Are Republicans Ready to Take a Baby Step on Gun Control?

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People in Newtown, Connecticut, attend a vigil remembering the victims of the massacre in Las Vegas on October 4, 2017. Photo: Spencer Platt/Getty Images

In the wake of the murder of 20 children and six adults in Newtown, Connecticut, Democratic senator Dianne Feinstein introduced a bill that would have reinstated the federal assault-weapons ban. It failed, like every piece of new gun-control legislation since 2007.

Just a day after Stephen Paddock opened fired on a music festival in Las Vegas, killing 58 people and wounding hundreds, journalists were already writing articles explaining how, even after the worst mass shooting in U.S. history, the Republican-controlled Congress wouldn’t “do something” about gun laws.

Democratic Senator Dianne Feinstein decided to push the issue anyway, introducing a bill on Wednesday that focused on one small part of her 2013 bill: banning “bump stocks.” The device makes semiautomatic weapons, which are legal, function like automatic weapons, which have been mostly illegal for decades. Twelve of the weapons found in Paddock’s hotel room were fitted with bump stocks, which allowed him to fire on the crowd of 22,000 at a much faster rate.

In a somewhat surprising development, a handful of Republican lawmakers responded by saying they’re open to banning bump stocks — or at least talking about it.

The bill currently has no GOP sponsors, but Senator Ron Johnson, a Wisconsin Republican, told reporters, “I have no problem banning those.”

Other Republicans were undecided, but said they’d consider the subject. Senator Lindsey Graham said the ban is “something I’d be interested in looking at to see if a law change would matter. Would it affect things? I’d be willing to look at that.” Senator John Thune said a ban “is worth having a conversation about, and some of our members agree with that.”

“I own a lot of guns, and as a hunter and sportsman, I think that’s our right as Americans, but I don’t understand the use of this bump stock,” said Senator John Cornyn, the No. 2 Republican in the Senate, adding, “It seems like it’s an obvious area we ought to explore and see if it’s something Congress needs to act on.”

Even some pro-gun House Republicans said they were interested in the proposal. “This is such a new component to me, I have no idea how it operates, how simple it is,” said Representative Jeff Duncan.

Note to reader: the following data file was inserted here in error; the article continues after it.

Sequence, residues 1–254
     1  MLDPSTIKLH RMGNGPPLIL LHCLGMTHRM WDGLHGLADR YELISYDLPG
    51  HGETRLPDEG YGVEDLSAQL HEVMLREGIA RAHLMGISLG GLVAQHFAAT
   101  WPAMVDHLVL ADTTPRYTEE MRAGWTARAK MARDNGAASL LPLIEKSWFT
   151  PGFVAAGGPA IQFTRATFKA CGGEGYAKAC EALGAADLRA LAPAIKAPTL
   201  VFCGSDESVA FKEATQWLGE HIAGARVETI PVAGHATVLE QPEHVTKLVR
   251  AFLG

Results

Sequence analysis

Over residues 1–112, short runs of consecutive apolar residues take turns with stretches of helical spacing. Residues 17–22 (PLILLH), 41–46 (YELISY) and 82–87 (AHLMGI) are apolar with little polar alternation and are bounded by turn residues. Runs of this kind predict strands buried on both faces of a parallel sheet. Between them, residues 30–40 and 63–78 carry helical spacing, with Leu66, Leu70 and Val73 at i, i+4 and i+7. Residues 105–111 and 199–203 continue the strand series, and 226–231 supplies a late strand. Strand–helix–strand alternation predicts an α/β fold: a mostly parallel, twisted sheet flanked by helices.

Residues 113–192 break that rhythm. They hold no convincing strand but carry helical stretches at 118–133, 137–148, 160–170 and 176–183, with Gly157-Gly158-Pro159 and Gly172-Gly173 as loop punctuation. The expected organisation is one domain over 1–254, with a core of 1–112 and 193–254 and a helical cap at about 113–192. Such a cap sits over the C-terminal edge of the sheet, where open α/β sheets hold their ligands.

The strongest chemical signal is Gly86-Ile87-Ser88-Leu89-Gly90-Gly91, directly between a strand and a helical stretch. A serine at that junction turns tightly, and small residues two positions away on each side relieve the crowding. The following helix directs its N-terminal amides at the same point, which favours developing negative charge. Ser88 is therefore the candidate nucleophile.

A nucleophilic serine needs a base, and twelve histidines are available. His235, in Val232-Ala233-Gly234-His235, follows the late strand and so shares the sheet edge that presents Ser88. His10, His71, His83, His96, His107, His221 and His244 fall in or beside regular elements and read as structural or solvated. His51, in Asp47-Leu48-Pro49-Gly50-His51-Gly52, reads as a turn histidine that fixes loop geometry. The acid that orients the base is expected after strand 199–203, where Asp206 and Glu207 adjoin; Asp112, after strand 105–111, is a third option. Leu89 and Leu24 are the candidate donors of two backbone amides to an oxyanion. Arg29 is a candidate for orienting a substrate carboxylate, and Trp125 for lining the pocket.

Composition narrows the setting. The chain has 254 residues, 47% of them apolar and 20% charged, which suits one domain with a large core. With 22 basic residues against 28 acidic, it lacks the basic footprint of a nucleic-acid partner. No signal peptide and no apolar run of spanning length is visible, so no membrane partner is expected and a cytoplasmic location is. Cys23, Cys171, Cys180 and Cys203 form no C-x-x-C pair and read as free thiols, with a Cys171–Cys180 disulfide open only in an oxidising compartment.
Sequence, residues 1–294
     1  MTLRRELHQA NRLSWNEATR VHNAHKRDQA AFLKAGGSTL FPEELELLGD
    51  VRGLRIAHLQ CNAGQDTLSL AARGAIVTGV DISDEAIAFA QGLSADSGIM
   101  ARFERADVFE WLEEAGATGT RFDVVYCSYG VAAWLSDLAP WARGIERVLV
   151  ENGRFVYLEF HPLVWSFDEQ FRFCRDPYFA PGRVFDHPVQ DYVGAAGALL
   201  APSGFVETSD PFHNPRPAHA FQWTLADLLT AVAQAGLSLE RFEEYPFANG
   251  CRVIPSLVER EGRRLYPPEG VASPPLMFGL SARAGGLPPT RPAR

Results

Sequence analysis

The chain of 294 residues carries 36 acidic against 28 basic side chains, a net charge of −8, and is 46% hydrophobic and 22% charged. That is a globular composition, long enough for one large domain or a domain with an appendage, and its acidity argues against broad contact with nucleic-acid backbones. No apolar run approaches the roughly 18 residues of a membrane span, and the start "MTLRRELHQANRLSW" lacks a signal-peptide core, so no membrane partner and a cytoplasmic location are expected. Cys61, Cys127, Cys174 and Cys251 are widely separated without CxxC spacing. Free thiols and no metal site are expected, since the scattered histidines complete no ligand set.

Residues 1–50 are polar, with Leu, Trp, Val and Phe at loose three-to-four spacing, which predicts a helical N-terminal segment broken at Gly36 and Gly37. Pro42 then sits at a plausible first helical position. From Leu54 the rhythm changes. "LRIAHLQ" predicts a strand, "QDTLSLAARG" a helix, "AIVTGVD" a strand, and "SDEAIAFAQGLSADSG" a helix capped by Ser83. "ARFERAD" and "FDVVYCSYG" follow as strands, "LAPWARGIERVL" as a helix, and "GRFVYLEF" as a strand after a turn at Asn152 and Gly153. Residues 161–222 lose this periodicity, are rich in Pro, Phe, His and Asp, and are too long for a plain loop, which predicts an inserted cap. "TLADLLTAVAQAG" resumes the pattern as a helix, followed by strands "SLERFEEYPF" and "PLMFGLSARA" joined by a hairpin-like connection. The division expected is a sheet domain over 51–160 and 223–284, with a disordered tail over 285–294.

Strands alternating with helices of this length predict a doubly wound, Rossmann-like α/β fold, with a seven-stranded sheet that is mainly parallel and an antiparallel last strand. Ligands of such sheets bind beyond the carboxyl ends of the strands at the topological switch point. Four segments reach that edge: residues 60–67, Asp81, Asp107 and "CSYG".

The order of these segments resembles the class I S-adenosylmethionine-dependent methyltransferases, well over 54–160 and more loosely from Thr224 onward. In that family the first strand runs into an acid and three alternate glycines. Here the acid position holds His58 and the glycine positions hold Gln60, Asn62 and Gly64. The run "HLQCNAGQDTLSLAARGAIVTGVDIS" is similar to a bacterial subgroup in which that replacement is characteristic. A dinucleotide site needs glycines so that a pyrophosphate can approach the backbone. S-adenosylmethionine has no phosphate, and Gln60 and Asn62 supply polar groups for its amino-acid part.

The Bureau of Alcohol, Tobacco, Firearms and Explosives approved the “goofy, little doodad” during the Obama administration, as it did not technically alter a gun’s trigger mechanism. The New York Times explains:

The device replaces a rifle’s standard stock, which is the part held against the shoulder. It frees the weapon to slide back and forth rapidly, harnessing the energy from the kickback shooters feel when the weapon fires. The stock “bumps” back and forth between the shooter’s shoulder and trigger finger, causing the rifle to rapidly fire again and again. The shooter holds his or her trigger finger in place, while maintaining forward pressure on the barrel and backward pressure on the pistol grip while firing.

Here’s what it looks like in action:

“Bump stocks — which cost less than $200 — increase a semi-automatic rifle’s rate of fire from between 45 to 60 rounds per minute to between 400 to 800 rounds per minute. That’s the same rate of fire as automatic weapons,” Feinstein said. “The only reason to modify a gun is to kill as many people as possible in as short a time as possible.”

The prospect of Congress doing something that could potentially cut down on the number of victims in the next mass shooting is encouraging, but the sense that Republican lawmakers deserve credit for even entertaining the idea says a lot about the sad state of the gun-control debate.

Plus, it seems very possible that Republicans ultimately won’t embrace this small and relatively clear-cut gun measure. Some immediately ruled out even discussing a bump-stock ban. “I’m a Second Amendment man,” said Senator Richard Shelby of Alabama. “I’m not for any gun control, okay? None.”

Once like-minded pundits mobilize on the issue, Republican lawmakers will likely become less willing to talk. Breitbart has already posted a passionate defense of bump-stock devices. It argues Americans have a constitutional right to experience “the fun of mimicking automatic fire,” and it’s elitist to implement a ban when it’s still legal to own certain extremely expensive antique machine guns:

Typical leftist war on the poor — A ban on bump-stock devices takes away the $200 device poorer citizens can buy to at least pretend to be shooting the real machines they will never be able to afford.

Of course, there’s also the National Rifle Association, which spent $52.6 million on bolstering GOP candidates in 2016, and has yet to weigh in on the issue.

For those desperate to see action on gun violence after Las Vegas, the slim hope that Congress could ban bump stocks does seem better than nothing. But it shouldn’t obscure the fact that most Republican lawmakers are choosing not to work toward reducing the horrifically high number of mass shootings in the U.S.

Are Republicans Ready to Take a Baby Step on Gun Control?